Connecting During COVIDMay 11, 2020
Making Sense of ChangeMay 20, 2020
While it may feel like our life/job/career is at a standstill there are undercurrents at work. Surprisingly, organizations are interviewing and hiring candidates. This week one of my clients interviewed for a new job and by all indications is expecting an offer in the coming week. She correctly gauged that the competition would be stiff and sought me out for pre-interview coaching. Now, anticipating an offer, we are meeting early in the week to discuss salary negotiation.
While you may not have an offer in the wings or even a job interview in the making, there are actions that you can take during this pandemic-inspired hiatus that can shorten the time from search to hire.
Here are a few suggestions for using this time to make yourself more competitive.
Design a compelling signature block that is part of every email you send whether job related or not. Include your full name, phone number, title, LinkedIn URL, and perhaps a favorite quote or tagline. By the way, including a job title is not dependent upon you having a job, rather it is descriptive of the kind of work you do.
Create a “top five reasons to hire me” list and commit it to memory. Doing so will force you to take inventory of your skills and get comfortable sharing them. Once you have nailed the top reasons why you are a perfect hire, develop the narrative that supports each one.
Put together a reference sales sheet comprised of quotes from five or six references. Include each person’s name and contact information. You may pull quotes from your LinkedIn recommendations, past performance appraisals, and letters of recommendation. Also, call or email colleagues, clients and bosses and ask for a few sentences about their experience working with you. Do not ask for a full-blown letter of recommendation, those are hard to come by these days. What you want are just a few sentences. You can also offer to write a draft that your reference can edit since will increase the likelihood that you will get a response. One word of caution, everyone who appears on your reference list must know that they are on it and ideally should get a copy of the list.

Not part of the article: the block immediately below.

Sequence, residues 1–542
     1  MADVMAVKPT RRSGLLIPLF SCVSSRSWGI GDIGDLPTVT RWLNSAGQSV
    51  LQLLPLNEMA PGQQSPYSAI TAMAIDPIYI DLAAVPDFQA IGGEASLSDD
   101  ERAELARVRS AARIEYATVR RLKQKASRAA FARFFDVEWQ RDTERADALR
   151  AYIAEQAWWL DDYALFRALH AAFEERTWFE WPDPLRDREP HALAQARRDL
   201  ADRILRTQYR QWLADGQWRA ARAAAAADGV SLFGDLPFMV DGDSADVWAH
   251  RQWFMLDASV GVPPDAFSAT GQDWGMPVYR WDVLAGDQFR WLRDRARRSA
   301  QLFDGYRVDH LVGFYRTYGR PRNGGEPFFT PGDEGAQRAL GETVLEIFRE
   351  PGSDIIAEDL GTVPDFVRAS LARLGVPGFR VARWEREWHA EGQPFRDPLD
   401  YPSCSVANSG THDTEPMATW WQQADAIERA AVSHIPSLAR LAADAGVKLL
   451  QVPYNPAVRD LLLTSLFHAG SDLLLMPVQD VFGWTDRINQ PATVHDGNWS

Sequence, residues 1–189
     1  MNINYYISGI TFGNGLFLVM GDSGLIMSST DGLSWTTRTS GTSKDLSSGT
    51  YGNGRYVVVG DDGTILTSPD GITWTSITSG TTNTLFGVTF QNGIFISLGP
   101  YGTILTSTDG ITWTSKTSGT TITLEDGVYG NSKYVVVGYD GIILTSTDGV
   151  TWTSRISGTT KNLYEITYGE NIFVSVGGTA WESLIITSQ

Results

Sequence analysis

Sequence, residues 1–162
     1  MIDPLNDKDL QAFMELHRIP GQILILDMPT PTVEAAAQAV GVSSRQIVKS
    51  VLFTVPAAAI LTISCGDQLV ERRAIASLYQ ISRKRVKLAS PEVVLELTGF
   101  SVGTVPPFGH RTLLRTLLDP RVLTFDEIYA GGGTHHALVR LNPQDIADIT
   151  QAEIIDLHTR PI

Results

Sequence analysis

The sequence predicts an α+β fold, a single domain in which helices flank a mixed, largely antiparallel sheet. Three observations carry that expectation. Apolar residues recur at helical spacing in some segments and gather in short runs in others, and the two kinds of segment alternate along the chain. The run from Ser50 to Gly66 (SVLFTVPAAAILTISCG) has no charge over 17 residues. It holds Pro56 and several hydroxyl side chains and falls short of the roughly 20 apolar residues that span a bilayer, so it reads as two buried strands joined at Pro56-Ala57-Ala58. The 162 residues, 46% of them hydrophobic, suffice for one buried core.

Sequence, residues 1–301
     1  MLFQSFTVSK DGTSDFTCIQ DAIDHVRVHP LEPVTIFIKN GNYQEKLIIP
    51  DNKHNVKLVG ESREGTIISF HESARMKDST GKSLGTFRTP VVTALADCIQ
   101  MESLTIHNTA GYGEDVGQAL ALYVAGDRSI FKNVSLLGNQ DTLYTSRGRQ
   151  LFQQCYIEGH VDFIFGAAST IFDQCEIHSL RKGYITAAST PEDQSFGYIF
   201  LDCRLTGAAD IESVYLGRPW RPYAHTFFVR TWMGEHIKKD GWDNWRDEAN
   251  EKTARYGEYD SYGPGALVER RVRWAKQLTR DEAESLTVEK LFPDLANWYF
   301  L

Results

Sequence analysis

Use the down time created by the pandemic to identify your ideal company/job and the role you want to play there. Doing so will help you spend time on relevant opportunities rather than unproductively spin your wheels. Here are some ideas for describing best fit companies and roles. “My ideal company has a social conscience. My ideal company is on the cutting edge of technology. My ideal company understands the value of my contributions and pays me accordingly. I want to take on new challenges. I want to directly impact company growth. I want to interact with customers and design solutions that meet their needs.”
Develop a short sound bite that describes what you do in simple language that everyone understands. Test it out on a few friends who are not in your industry. If they can’t easily explain what you do, refine it until they can. What you want is an easy self-introduction for business and social situations that is compelling, perhaps humorous and most importantly, easily conveys your expertise.
Mary Jeanne Vincent, career expert and strategist, has a private coaching practice and guides clients nationally. She may be reached at 831-657-9151, firstname.lastname@example.org, or www.careercoachmonterey.com
© 2020 Mary Jeanne Vincent. All rights reserved.